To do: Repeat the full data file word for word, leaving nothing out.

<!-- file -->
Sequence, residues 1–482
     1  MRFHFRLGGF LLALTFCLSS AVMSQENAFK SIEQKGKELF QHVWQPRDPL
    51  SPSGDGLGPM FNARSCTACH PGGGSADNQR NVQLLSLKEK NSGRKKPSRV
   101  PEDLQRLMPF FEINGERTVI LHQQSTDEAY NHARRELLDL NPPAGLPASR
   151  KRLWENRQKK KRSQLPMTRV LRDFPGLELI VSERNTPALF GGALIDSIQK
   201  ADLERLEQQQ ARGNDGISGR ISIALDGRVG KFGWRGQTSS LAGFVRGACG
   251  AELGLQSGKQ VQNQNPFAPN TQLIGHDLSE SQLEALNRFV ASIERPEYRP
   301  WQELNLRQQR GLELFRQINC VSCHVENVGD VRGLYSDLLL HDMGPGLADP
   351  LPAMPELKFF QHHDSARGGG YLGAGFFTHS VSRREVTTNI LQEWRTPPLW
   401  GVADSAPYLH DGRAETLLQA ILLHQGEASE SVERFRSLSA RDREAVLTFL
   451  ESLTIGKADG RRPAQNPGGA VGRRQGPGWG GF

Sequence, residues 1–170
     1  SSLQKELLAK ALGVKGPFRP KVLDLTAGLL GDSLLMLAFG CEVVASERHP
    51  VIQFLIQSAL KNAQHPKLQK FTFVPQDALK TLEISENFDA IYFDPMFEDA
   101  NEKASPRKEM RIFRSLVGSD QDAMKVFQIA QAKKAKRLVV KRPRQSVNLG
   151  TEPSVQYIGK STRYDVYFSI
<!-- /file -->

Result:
Sequence, residues 1–482
     1  MRFHFRLGGF LLALTFCLSS AVMSQENAFK SIEQKGKELF QHVWQPRDPL
    51  SPSGDGLGPM FNARSCTACH PGGGSADNQR NVQLLSLKEK NSGRKKPSRV
   101  PEDLQRLMPF FEINGERTVI LHQQSTDEAY NHARRELLDL NPPAGLPASR
   151  KRLWENRQKK KRSQLPMTRV LRDFPGLELI VSERNTPALF GGALIDSIQK
   201  ADLERLEQQQ ARGNDGISGR ISIALDGRVG KFGWRGQTSS LAGFVRGACG
   251  AELGLQSGKQ VQNQNPFAPN TQLIGHDLSE SQLEALNRFV ASIERPEYRP
   301  WQELNLRQQR GLELFRQINC VSCHVENVGD VRGLYSDLLL HDMGPGLADP
   351  LPAMPELKFF QHHDSARGGG YLGAGFFTHS VSRREVTTNI LQEWRTPPLW
   401  GVADSAPYLH DGRAETLLQA ILLHQGEASE SVERFRSLSA RDREAVLTFL
   451  ESLTIGKADG RRPAQNPGGA VGRRQGPGWG GF

Sequence, residues 1–170
     1  SSLQKELLAK ALGVKGPFRP KVLDLTAGLL GDSLLMLAFG CEVVASERHP
    51  VIQFLIQSAL KNAQHPKLQK FTFVPQDALK TLEISENFDA IYFDPMFEDA
   101  NEKASPRKEM RIFRSLVGSD QDAMKVFQIA QAKKAKRLVV KRPRQSVNLG
   151  TEPSVQYIGK STRYDVYFSI